Social Factors May Make Gay Men Suicidal

By Bower, B. | Science News, October 23, 1999 | Go to article overview

Social Factors May Make Gay Men Suicidal


Bower, B., Science News


Several studies have found that homosexual men attempt to commit suicide at rates higher than those of heterosexual men or the U.S. population at large. Some investigators suggest that higher rates of depression and substance abuse among gay men account for their increased tendency to attempt suicide.

New work, however, indicates that a disproportionate number of homosexual men report suicidal behaviors regardless of whether they suffer from depression or substance abuse. Reasons for this tendency remain unclear, but the results are consistent with a major influence of family rejection and other social clashes on suicide attempts, says a team led by epidemiologist Richard Herrell of the University of Illinois at Chicago.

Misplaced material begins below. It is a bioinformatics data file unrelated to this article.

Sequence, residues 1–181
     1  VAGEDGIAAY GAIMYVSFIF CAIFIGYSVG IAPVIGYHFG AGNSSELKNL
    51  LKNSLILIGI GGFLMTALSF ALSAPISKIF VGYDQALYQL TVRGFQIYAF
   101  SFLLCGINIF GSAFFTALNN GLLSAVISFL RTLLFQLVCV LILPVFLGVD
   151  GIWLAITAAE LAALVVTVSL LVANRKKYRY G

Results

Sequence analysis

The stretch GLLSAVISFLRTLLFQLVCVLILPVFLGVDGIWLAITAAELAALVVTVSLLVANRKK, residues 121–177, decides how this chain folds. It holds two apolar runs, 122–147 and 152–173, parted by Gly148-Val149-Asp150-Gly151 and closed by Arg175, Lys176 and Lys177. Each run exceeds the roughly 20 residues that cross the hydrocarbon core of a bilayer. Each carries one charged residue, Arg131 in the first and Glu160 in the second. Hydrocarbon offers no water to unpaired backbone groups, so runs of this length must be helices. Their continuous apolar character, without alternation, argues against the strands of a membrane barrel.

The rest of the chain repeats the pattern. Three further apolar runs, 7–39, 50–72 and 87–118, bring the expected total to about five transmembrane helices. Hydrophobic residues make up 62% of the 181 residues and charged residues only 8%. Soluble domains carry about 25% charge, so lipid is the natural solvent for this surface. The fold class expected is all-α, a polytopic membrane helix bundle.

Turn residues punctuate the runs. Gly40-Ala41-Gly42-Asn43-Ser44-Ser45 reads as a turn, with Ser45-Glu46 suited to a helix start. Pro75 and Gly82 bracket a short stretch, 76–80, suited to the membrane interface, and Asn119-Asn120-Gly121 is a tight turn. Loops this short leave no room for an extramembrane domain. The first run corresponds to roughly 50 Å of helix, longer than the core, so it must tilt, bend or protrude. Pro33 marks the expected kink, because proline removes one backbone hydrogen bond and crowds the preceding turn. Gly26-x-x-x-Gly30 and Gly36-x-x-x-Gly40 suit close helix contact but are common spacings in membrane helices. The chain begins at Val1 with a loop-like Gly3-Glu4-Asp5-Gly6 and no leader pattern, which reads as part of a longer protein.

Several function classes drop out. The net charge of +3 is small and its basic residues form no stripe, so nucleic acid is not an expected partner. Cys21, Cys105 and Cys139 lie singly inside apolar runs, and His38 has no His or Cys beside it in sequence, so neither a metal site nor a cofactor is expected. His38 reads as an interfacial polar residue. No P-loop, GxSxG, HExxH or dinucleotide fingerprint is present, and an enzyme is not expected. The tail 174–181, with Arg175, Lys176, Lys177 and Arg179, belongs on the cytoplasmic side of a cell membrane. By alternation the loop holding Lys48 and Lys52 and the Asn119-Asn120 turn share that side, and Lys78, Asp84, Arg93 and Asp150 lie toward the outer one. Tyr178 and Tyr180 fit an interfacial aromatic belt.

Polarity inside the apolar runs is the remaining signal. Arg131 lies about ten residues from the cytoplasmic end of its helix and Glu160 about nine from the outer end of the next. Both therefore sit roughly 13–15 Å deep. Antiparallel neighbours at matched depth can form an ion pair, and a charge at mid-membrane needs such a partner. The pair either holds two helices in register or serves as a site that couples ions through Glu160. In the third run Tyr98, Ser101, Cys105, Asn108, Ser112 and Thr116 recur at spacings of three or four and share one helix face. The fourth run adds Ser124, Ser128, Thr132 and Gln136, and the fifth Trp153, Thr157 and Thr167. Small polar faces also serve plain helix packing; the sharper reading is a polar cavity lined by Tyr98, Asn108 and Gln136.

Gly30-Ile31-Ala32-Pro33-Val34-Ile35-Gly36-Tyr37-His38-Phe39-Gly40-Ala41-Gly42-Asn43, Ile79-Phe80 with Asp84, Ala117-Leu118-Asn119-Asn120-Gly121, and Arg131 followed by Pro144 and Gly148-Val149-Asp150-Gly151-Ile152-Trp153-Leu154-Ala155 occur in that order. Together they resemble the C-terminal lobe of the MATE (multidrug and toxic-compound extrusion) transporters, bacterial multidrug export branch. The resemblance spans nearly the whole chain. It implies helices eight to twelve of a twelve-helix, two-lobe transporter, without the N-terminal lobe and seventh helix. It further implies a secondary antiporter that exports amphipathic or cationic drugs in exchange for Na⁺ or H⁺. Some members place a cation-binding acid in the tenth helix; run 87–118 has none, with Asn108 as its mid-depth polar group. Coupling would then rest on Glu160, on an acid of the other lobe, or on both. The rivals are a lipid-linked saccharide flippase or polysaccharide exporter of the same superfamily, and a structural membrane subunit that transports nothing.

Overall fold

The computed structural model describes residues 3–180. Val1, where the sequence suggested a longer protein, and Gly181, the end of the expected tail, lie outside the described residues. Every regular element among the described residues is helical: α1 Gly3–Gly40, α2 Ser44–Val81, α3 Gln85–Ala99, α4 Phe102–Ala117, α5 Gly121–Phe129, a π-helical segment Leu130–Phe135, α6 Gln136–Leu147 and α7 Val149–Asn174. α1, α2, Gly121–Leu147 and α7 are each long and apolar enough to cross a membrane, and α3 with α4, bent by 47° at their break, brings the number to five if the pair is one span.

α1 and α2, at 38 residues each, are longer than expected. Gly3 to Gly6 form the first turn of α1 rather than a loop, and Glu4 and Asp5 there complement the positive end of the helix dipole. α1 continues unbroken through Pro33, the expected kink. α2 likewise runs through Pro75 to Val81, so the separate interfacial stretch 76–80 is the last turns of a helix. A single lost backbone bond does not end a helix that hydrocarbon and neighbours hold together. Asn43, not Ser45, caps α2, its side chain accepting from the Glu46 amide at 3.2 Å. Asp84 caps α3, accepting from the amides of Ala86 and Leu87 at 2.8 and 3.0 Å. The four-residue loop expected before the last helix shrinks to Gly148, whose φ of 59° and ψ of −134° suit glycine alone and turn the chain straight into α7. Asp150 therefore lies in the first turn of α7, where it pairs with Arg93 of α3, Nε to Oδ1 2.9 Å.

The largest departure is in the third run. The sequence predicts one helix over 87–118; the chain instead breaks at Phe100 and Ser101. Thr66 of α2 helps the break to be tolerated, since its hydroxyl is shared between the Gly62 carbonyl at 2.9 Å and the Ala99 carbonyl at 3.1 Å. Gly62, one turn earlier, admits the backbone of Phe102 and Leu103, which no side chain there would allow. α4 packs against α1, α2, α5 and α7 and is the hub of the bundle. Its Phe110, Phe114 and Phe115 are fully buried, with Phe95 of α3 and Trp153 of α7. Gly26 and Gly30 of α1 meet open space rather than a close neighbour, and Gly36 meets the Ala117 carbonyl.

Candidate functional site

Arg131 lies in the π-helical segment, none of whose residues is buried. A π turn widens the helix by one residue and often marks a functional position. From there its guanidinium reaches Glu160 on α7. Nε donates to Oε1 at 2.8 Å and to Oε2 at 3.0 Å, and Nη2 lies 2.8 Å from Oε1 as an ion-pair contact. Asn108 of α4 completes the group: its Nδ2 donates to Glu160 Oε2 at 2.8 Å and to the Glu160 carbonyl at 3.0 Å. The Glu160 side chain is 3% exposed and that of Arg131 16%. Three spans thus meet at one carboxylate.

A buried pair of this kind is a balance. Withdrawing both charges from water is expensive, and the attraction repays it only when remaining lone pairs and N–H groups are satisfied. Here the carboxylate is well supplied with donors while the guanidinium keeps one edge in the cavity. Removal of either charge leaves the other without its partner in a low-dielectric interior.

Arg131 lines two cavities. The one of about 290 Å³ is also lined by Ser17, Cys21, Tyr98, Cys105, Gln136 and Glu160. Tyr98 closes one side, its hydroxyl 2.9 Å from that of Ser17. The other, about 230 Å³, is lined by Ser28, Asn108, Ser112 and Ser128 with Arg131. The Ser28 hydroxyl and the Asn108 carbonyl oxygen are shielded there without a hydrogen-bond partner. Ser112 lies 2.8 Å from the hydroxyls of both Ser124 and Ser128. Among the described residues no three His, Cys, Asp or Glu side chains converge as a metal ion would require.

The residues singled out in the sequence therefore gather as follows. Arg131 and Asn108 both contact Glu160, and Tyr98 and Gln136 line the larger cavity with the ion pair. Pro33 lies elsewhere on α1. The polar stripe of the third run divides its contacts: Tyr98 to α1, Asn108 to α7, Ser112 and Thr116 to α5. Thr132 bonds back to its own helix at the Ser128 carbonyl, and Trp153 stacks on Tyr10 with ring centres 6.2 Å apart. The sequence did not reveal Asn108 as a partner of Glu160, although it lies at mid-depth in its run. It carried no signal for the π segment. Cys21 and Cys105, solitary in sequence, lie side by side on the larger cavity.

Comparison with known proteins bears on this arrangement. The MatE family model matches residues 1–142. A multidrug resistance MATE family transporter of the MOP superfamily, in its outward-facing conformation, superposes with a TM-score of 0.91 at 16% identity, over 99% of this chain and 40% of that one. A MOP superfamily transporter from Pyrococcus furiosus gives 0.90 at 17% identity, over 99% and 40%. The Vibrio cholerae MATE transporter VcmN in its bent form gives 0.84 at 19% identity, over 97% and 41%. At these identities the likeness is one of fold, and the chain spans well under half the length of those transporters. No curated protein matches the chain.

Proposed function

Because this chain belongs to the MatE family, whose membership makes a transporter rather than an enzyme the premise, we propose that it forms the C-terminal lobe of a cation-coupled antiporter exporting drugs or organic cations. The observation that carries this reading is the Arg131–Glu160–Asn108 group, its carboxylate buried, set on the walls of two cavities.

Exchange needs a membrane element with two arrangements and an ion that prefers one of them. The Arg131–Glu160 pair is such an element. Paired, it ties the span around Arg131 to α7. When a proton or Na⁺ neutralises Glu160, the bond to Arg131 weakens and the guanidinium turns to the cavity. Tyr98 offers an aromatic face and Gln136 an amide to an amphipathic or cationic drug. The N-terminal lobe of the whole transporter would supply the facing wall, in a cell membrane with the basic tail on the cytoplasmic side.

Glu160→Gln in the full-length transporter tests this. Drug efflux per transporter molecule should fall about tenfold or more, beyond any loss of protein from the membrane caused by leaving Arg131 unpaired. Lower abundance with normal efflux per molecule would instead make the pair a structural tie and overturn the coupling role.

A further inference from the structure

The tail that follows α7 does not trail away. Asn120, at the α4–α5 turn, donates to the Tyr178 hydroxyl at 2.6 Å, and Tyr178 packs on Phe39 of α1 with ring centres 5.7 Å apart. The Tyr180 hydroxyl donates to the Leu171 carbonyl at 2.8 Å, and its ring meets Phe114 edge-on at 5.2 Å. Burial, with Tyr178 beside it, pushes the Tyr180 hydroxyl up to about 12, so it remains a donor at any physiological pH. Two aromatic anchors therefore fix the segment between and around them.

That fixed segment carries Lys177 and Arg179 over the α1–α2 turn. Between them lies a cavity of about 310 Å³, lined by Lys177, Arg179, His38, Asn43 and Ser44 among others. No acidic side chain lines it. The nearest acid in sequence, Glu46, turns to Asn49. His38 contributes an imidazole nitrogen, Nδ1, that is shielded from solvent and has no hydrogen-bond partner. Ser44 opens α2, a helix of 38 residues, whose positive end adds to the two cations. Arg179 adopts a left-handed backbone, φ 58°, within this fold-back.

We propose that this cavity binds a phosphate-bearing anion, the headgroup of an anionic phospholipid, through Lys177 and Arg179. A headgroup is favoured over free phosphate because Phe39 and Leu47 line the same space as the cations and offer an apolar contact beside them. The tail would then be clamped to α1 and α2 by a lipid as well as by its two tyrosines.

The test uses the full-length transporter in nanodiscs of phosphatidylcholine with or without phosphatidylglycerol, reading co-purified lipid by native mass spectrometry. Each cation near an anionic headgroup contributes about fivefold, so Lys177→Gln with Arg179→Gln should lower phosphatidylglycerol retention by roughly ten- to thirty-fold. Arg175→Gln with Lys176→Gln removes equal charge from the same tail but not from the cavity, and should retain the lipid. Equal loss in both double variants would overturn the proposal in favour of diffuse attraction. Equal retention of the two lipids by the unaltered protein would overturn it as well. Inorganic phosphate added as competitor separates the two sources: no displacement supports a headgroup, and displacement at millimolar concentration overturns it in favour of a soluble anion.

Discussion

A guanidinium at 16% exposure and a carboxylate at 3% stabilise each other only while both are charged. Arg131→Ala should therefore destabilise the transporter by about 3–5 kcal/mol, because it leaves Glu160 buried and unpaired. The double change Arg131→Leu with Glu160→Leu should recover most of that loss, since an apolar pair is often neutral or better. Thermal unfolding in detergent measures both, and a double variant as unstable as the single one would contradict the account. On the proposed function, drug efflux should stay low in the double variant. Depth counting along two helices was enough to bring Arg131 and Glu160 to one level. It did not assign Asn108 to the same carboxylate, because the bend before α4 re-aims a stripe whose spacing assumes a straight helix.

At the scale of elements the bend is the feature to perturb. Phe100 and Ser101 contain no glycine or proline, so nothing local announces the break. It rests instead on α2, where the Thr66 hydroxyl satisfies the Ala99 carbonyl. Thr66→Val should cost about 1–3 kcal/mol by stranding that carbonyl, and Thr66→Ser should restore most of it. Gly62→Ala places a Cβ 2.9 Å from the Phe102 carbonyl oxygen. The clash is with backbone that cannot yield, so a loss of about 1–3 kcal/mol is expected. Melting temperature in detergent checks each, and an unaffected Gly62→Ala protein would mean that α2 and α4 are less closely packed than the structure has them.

Herrell and his coworkers conducted telephone interviews with each twin of 103 pairs, ages 35 to 53. In each set of twins, one man had previously reported having at least one male sex partner after age 18 and the other reported having sex only with females.

The twins, including identical and fraternal pairs, were part of a larger investigation of substance abuse in approximately 3,400 twin pairs. All of them had served in the U.S. military between 1965 and 1975.

Nearly 15 percent of the participants with male sex partners had tried to commit suicide, compared with 4 percent of the heterosexual twins, Herrell's group reports in the October ARCHIVES OF GENERAL PSYCHIATRY. Homosexual twins also reported substantially more periods of contemplating their own death or the demise of others, wanting to die, and thinking about committing suicide.

After the researchers used statistical means to remove the effects of major depression and substance-use disorders, the homosexual twins still showed substantial elevation in all the measures of suicidal tendencies except wanting to die.

Another study, directed by psychologist David M. …

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